Child Sex Tourism
CST is defined as the commercial sexual exploitation of children by men or women who travel from one place to another, usually from a richer country to one that is less developed, and there engage in sexual acts with children, defined as anyone aged under 18.
Child sex tourism takes various forms, but generally it is about adult men who, in the course of travelling away from home, pay in cash or kind for sex with children. While some women engage in such violations, they represent less than 5% of sexual offenders.
Child sex tourists may not have a specific preference for children as sexual partners but take advantage of a situation in which children are made available to them for sexual exploitation. It is often the case that these people have travelled from a wealthier country (or a richer town or region within a country) to a less-developed destination, where poorer economic conditions, favourable exchange rates for the traveller and relative anonymity are key factors conditioning their behaviour and sex tourism. The visitors’ demand for sex then fuels the further provision of children for exploitation. It should be noted that sex tourists are not just holiday-makers but also others whose occupations take them to destinations away from home, such as business people, transport industry workers and military personnel. Similarly, sex exploiters are not necessarily foreigners as one can be away from home within one’s own country. Nevertheless, it is the transnational character of child sex tourism that has served to highlight the issue. This globalised cycle is also crucially interlinked with the trafficking of women and children and the pornography industry.
Travellers may rationalise their sexual exploitation of children by adopting an assumption that sex with a child is culturally acceptable in the place that they are visiting. This assumption may be lent weight where law enforcement authorities fail to punish crimes against children or where it is known that legal action may be offset through bribery. While prostitution of children may be illegal, a blind eye often seems to be turned to such offences when foreigners and the wealthy are involved. In this sense, the economic benefits derived from tourism often override a national government’s commitment to prosecute and punish all crimes against children through national laws and international instruments that ensure the protection of children against sex exploiters in tourism.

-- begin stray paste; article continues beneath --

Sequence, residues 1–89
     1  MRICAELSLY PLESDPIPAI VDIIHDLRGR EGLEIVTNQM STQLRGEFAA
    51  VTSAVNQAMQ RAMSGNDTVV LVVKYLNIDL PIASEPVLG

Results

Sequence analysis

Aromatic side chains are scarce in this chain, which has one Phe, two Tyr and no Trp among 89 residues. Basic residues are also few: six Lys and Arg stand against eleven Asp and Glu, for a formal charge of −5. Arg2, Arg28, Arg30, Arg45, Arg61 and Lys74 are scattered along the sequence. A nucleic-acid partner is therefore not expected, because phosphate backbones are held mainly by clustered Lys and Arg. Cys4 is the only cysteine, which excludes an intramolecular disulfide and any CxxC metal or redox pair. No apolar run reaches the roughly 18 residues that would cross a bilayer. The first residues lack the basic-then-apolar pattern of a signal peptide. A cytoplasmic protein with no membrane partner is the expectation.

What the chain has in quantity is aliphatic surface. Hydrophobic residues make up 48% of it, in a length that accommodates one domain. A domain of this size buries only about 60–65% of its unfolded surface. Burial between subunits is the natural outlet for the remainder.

While the definition of child sex tourism has been continuously refined, building on greater understanding of its scope and manifestations, the fundamental protection of children against commercial sexual exploitation is addressed in the Convention on the Rights of the Child (CRC), specifically in Articles 34, 35, 36 and 19. The CRC commits signatories to ensuring that children are protected from sexual exploitation and abuse, including prostitution and pornography. Article 34 recognises the cross-border aspects of the sexual exploitation of children, as is often the case in child sex tourism, by requiring governments to take action through national, bilateral and multilateral measures. Article 35 calls for similar action with regard to the abduction, sale and trafficking of children, which is linked to the global child sex industry.
The CRC position on child sex tourism is strengthened by the Optional Protocol on the sale of children, child prostitution and child pornography, which expresses explicit concern about child sex tourism. Article 10 commits signatories to: “… take all necessary steps to strengthen international cooperation by multilateral, regional and bilateral arrangements for the prevention, detection, investigation, prosecution and punishment of those responsible for acts involving the sale of children, child prostitution, child pornography and child sex tourism. States Parties shall also promote international cooperation and coordination between their authorities, national and international non-governmental organisations and international organisations.” In addition, there is the Protocol to prevent, suppress and punish trafficking in persons, especially women and children, which supplements the United Nations Convention Against Transnational Organised Crime and further protects children from trafficking for sexual and other purposes.